The ECB stands pat; the euro does not

The euro fell to its lowest level against the dollar since March last week after the European Central Bank (ECB) concluded its meeting without taking any new stimulus steps and leaving its interest rate unchanged. The ECB’s President Marion Draghi said, “Our approach at today's meeting was not wait and see, but work and assess.” The bank next meets on Dec. 3.

The Brexit

British banks are expected to report strong third-quarter results this week despite the Brexit, thanks to the boost provided by consumer spending. Still, a senior executive at one of the nation’s largest banks was quoted in The New York Times as saying, “This is a period of calm – maybe a false period of calm – before the storm, but don’t be fooled by it.” At the end of last week, there were some signs that consumer spending might be challenged when the rate of inflation for September was up 1% from a year earlier, its fastest pace since November 2014, while core inflation hit 1.5% year over year, a two-year high. Prime Minister Theresa May is said to be weighing a plan by which Britain would pay the European Union billions of pounds to maintain access to the single market after the Brexit.

Consumer prices and industrial production bounce back

Consumer prices had their fastest gain since February in September, up 0.3% from August’s 0.2%. Over the last year, Consumer Price Indexes (CPI) rose 1.5%, the biggest year-over-year increase since October 2014. Core CPI, less food and energy, was up 0.1% from August and 2.2% for the year. In other news, industrial production gained 0.1% in September after having dipped 0.5% in August. For the third quarter, production increased at an annual rate of 1.8%. Manufacturing increased 0.2% in September from August and at an annual rate of 0.9% during the third quarter. Capacity utilization inched up to 75.4% from 75.3%. The National Association of Realtors said sales of previously owned homes improved 3.2% in September from the month before to a seasonally adjusted annual rate of 5.47 million. Housing starts plunged 9% in September from August to an annualized rate of 1.04 million, off 11.9% from a year earlier. Building permits, however, climbed 6.3% in September from August to 1.2 million, and were up 8.5% from September 2015. The National Association of Home Builders/Wells Fargo Housing Market Index of builder confidence fell to 63 in October from 65 in September. And first-time jobless claims for the week ending Oct. 15 rose 13,000 to 260,000; the four-week moving average for the week ending Oct. 8 climbed 2,250 to 251,750.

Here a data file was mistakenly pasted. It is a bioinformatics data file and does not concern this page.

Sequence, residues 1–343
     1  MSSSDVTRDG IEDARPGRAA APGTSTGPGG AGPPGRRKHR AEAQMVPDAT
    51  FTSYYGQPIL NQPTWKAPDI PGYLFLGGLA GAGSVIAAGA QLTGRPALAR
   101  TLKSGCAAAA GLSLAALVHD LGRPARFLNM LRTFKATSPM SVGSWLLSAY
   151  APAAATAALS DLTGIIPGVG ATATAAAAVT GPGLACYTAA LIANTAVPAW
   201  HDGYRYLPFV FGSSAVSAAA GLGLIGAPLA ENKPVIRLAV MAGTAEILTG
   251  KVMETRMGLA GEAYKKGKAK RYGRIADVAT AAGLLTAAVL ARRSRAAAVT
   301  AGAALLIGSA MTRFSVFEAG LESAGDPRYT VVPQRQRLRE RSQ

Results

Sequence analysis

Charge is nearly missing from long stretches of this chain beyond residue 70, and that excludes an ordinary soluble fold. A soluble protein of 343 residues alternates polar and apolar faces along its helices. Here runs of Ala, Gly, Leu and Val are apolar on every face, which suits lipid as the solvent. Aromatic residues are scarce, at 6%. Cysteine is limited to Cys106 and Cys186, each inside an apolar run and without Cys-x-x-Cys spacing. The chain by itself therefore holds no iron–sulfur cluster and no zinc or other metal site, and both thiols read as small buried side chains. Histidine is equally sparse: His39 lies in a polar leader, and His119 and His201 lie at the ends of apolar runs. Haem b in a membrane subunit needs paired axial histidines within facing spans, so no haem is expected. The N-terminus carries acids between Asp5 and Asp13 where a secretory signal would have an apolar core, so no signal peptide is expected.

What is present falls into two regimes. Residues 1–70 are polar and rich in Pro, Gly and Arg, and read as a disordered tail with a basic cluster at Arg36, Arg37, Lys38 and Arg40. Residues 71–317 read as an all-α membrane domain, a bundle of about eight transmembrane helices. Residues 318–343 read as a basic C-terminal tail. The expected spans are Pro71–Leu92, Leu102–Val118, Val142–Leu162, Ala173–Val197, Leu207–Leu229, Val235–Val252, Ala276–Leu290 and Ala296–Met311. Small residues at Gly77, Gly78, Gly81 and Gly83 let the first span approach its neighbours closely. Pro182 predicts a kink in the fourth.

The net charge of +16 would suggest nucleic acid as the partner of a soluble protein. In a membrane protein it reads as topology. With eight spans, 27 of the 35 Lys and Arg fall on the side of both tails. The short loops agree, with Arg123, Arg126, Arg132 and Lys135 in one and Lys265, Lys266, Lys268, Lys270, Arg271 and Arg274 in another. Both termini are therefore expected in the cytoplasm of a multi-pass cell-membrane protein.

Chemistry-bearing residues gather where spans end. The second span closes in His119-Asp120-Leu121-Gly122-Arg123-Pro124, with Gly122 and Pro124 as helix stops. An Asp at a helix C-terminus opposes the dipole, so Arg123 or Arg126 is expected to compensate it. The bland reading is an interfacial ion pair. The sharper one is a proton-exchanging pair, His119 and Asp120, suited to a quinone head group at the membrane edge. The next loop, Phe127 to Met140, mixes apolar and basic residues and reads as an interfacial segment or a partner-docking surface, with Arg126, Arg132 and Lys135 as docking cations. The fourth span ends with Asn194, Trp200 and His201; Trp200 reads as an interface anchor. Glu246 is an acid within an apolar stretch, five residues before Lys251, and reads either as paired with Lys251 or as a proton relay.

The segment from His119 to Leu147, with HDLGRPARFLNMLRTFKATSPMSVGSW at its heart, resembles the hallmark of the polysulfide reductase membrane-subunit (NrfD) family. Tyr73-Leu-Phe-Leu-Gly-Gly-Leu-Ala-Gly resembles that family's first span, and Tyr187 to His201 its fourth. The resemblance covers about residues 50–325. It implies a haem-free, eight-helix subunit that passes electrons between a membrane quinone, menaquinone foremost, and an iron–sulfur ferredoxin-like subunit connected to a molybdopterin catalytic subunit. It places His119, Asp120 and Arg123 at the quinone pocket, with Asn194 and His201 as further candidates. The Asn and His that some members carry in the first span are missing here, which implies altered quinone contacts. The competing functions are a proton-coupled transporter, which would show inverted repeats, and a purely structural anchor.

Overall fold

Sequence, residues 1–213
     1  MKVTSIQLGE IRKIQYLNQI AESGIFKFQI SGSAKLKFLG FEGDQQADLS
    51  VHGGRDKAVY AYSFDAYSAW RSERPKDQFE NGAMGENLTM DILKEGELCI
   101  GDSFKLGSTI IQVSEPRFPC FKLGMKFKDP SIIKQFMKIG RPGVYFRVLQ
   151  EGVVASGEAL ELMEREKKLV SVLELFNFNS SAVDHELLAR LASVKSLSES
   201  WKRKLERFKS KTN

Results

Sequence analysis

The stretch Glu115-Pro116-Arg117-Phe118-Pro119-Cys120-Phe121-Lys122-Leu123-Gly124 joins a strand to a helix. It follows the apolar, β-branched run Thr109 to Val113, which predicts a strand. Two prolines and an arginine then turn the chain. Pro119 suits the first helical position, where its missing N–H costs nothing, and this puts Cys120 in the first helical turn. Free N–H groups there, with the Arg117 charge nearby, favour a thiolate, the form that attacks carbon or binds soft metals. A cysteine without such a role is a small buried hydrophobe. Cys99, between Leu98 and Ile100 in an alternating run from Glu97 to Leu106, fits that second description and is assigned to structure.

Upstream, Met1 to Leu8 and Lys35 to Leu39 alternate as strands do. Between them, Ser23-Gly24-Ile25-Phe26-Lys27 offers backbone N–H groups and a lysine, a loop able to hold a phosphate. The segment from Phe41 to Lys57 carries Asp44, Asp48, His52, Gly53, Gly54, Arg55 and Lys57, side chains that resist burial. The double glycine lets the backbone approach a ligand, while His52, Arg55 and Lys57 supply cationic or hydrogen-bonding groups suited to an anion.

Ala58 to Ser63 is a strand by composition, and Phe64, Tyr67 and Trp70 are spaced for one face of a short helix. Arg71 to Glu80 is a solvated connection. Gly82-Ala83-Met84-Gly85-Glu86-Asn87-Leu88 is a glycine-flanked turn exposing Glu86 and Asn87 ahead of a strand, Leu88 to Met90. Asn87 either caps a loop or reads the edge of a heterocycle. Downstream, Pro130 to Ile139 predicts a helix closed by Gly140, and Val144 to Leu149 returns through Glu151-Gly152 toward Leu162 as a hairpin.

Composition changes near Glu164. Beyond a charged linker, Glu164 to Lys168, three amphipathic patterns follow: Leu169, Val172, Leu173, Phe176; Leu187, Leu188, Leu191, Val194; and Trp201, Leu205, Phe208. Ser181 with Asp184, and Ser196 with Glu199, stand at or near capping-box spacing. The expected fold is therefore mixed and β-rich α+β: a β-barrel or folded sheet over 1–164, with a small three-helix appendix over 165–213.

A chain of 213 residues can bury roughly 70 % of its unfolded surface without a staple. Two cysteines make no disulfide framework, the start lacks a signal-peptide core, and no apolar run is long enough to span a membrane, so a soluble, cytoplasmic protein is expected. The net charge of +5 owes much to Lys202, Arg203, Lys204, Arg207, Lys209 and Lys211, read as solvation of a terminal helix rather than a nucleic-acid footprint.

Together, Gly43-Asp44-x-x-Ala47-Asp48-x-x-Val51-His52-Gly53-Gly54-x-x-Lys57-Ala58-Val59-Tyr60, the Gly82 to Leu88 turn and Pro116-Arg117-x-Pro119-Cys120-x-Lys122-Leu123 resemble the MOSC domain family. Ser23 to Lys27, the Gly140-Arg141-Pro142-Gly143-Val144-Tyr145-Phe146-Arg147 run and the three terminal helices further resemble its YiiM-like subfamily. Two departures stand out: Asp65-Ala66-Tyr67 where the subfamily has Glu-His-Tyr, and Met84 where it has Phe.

A look ahead

This week’s releases will include the S&P CoreLogic/Case-Shiller Home Price Index, new and pending home sales, consumer confidence, the advance trade balance, wholesale inventories, orders for capital and durable goods, personal consumption and more earnings news. The government will also release its advance estimate for third-quarter GDP, forecast to come in at 2.5% after a final reading of 1.4% for the second quarter.